Global Aquaculture Occupational Health and Safety: National and International Perspectives
This ½ day post-conference workshop will open with a panel presentation of findings from an FAO-funded scan of the global, regional and national terrain of aquaculture/fish farming occupational health and safety and related social and welfare impacts. Panel presentations will draw on regional and national profiles of aquaculture OHS completed in 2017 outlining documented physical, biological, ergonomic, chemical and psychosocial hazards, related injury and disease profiles, and examining how OHS issues are managed across a range of countries and companies engaged in the production of different species and products. These will be explored along the supply chain from diving and construction work through work on ponds, racks and cages to harvest, grading, primary processing and transport of products to market. Particular attention will be paid to OHS challenges associated with vulnerably situated groups including women and children and the precariously employed.
Results of this global and country and industry sector scan will be the focus of discussion for the first part of the workshop. In the second part, attention will shift to some of the major constraints and drivers for good aquaculture OHS. Discussion will be placed in the context of international codes produced by bodies such as the ILO and FAO, civil society codes like those from the Aquaculture Stewardship Council, good labour and industry practice, industry/company guidance and training programmes, national and regional OHS regulations such as those existing in Europe, their uptake and effectiveness. The role of safety policies that work or specific tripartite structures and codes for example in Norway and Scotland involving industry, trade unions and regulators on land and sea will also be explored. The workshop will look at what is known and gaps in current knowledge, evidence for things that work and for gaps and system failure. There will be an open discussion of improvements that can be made. Opportunities and cost and other constraints as these relate to assessment, communication, mitigation and, in particular, protection from and prevention of OSH hazards and risks in aquaculture will be explored. Critical underlying issues include: who bears the costs of poor OHS; the feasibility of adapting existing general OSH guidance documentation (e.g. as developed for other agricultural and food producing sectors) to aquaculture; particular opportunities and constrains faced by small-scale (rural) aquaculture farmers and related workers.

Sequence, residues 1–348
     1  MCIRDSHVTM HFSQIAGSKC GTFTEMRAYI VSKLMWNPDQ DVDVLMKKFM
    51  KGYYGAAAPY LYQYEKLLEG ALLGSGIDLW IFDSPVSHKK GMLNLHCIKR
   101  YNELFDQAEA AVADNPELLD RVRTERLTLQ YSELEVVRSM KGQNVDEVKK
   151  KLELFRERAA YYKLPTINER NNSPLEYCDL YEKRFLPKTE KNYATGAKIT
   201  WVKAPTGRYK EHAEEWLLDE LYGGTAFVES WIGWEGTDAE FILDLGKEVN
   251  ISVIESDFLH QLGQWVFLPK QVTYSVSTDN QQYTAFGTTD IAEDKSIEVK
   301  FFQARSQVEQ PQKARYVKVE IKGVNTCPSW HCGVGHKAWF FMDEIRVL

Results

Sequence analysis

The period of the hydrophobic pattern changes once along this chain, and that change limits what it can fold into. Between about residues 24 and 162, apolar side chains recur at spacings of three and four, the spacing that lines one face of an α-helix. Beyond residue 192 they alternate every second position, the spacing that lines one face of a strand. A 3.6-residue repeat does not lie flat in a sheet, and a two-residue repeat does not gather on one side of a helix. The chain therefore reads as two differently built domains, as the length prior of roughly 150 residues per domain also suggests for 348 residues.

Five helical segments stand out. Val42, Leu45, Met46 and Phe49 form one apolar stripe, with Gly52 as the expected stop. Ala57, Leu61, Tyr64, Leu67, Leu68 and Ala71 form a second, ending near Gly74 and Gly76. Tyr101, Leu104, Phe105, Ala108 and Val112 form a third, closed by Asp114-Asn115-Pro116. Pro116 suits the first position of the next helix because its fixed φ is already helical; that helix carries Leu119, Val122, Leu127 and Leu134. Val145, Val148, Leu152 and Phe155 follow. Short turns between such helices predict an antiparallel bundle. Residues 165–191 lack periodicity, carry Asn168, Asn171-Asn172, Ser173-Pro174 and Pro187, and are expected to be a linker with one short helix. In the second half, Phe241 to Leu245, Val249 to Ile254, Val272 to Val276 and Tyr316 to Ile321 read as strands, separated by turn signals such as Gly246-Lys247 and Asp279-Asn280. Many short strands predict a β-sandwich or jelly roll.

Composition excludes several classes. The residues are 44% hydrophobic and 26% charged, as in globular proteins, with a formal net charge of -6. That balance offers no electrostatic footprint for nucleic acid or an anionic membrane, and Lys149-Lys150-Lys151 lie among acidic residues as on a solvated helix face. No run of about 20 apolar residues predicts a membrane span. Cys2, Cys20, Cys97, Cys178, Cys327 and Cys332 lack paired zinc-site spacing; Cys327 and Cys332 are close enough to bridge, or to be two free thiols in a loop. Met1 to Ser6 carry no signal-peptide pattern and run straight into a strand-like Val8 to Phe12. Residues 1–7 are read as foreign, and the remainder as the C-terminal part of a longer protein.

Presentation and discussion will be supported, it is hoped, by regional contributions from experts from Africa, the Asia-Pacific, Europe, North and South America, as well those responsible for developing profiles of particular countries and sectors.